Wyoming Secretary of State


Duties and Principles

Duties

The purpose of notarization is sometimes misunderstood. Basically, the most important reason for notarizing anything is to protect against fraud.


The notarization is effective, valid and binding as long as the document it appears upon remains effective and valid.....often for decades. You may notarize documents in any county throughout the State of Wyoming. According to Wyoming statute, a Wyoming notary public may administer oaths or proofs of acknowledgment in a contiguous state if that state recognizes the Wyoming notary public's authority within that state to perform those acts. At the present time Montana is the only contiguous state that recognizes the Wyoming notary public's authority to perform notarial acts.


The administration of an oath or proof of acknowledgment performed in Wyoming by a notary public of a contiguous state has the same effect under Wyoming law as if that act were performed by a Wyoming notary public, if that contiguous state grants Wyoming notaries public similar authority within that state.


A notary is entitled to receive a fee of no more than two dollars ($2.00) for each oath or affirmation administered or for each signature notarized.


Notaries public have two primary duties:


  1. Notarize Signatures

  2. Place Under Oath/Affirmation

Notaries DO NOT:


  • Notarize a facsimile or a faxed copy of a signature.
  • Validate a document.
  • Legalize a document.
  • Prove a statement under oath/affirmation is true.
  • When performing your notarial services, you are held to a high standard of care. Notaries are required to act with the same care and diligence that a reasonable, prudent and cautious person would exercise under the same circumstance.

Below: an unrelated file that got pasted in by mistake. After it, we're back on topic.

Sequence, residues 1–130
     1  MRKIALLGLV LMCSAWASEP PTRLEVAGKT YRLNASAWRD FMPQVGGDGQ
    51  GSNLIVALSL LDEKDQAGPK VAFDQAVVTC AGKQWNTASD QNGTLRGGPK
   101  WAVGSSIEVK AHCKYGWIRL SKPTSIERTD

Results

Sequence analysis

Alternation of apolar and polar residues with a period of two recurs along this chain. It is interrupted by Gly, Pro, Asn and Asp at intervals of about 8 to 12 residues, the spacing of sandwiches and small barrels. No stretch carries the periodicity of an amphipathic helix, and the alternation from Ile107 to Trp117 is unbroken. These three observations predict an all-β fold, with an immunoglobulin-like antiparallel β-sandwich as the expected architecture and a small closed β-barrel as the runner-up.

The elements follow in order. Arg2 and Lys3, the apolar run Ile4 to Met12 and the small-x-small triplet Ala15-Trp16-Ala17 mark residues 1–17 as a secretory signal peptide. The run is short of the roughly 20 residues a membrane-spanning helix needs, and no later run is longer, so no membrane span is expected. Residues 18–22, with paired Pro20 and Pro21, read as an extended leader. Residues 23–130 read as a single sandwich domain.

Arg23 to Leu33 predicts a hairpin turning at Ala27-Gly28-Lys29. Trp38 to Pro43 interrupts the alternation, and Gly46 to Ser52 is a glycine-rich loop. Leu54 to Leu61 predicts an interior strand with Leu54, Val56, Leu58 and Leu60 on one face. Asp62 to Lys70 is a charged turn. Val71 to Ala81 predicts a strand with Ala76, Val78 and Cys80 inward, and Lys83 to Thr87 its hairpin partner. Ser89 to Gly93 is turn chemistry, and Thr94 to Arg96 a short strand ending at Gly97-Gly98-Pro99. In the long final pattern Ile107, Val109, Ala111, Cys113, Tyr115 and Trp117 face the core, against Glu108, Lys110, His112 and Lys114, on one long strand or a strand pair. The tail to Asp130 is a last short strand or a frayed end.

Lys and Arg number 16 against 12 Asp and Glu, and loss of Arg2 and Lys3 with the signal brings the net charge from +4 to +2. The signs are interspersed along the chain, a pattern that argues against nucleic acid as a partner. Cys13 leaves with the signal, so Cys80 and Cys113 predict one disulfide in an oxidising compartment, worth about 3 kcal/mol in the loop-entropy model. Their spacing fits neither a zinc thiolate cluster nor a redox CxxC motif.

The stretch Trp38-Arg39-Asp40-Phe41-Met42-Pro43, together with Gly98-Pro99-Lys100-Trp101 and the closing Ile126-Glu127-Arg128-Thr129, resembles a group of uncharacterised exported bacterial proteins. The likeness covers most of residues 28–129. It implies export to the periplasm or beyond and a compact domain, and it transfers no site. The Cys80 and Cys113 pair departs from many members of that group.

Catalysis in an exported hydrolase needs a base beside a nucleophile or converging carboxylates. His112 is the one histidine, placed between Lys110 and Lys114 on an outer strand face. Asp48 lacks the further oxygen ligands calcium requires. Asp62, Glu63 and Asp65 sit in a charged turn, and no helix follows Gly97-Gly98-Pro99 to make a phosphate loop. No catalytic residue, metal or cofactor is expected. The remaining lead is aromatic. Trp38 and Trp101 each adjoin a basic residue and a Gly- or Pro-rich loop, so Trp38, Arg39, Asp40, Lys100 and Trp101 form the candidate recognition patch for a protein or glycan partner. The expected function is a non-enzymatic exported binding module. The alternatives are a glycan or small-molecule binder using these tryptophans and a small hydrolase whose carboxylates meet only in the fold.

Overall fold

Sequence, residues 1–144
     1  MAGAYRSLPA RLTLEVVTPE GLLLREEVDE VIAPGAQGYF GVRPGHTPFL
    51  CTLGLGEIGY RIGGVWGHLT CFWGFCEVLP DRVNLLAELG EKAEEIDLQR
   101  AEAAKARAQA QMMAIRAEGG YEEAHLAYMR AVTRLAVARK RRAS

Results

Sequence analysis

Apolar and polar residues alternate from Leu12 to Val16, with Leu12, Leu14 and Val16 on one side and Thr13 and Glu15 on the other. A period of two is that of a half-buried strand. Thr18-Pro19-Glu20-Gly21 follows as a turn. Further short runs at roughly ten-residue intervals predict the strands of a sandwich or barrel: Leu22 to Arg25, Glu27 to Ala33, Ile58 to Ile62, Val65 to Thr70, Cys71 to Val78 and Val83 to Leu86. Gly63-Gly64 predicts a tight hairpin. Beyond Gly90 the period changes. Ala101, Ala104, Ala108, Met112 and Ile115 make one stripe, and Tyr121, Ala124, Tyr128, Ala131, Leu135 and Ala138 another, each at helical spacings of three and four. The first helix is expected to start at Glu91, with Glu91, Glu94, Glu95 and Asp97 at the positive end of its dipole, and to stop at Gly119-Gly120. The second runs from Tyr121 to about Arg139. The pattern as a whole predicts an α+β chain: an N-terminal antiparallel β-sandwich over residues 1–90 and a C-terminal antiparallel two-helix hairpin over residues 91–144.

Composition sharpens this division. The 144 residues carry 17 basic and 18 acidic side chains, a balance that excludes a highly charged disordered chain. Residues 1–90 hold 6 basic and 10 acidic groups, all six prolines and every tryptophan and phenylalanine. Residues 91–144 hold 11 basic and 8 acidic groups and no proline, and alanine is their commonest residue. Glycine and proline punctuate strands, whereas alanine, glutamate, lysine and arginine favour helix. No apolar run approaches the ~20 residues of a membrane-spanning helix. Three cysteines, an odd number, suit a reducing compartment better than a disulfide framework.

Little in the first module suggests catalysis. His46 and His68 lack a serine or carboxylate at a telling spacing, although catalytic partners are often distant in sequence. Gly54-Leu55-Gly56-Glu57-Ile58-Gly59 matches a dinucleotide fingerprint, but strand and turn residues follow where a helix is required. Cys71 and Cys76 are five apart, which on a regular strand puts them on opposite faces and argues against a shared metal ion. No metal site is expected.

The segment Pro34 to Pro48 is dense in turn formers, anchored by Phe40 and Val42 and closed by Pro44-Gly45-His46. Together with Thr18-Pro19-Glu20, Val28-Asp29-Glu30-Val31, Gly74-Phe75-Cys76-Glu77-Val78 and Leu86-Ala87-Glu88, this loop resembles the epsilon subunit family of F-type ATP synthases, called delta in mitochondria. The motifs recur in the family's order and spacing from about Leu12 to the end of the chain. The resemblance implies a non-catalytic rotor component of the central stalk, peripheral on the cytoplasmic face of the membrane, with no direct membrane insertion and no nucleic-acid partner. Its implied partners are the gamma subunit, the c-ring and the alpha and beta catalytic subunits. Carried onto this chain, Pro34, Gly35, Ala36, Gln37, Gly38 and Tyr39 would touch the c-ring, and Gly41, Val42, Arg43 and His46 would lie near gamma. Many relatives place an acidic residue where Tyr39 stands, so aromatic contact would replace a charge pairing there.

Principles

    A notary commission is a public office. The law prescribes the duties, powers and authority of a commission. The power to appoint notaries public is vested in the Wyoming Secretary of State. Generally, the authority of notaries is recognized worldwide.


    Notaries may not refuse service to anyone who makes a reasonable and lawful request for a notarization and they must treat all persons equally. A notary's employer may not instruct the notary to perform a notarization which would violate state notary law. The notary must comply with all aspects of the notary law.


    Impartiality is having no conflict of interest. A notary must be an impartial witness. A notary is "disqualified" from notarizing when the notary has a personal financial or beneficial interest in the transaction to which the document and notarized signature applies. Generally, this means you should not perform notarial duties for yourself, your family or business associates where the notary could benefit. Courts hold notary public to a high standard of independence and integrity because notaries are "officers."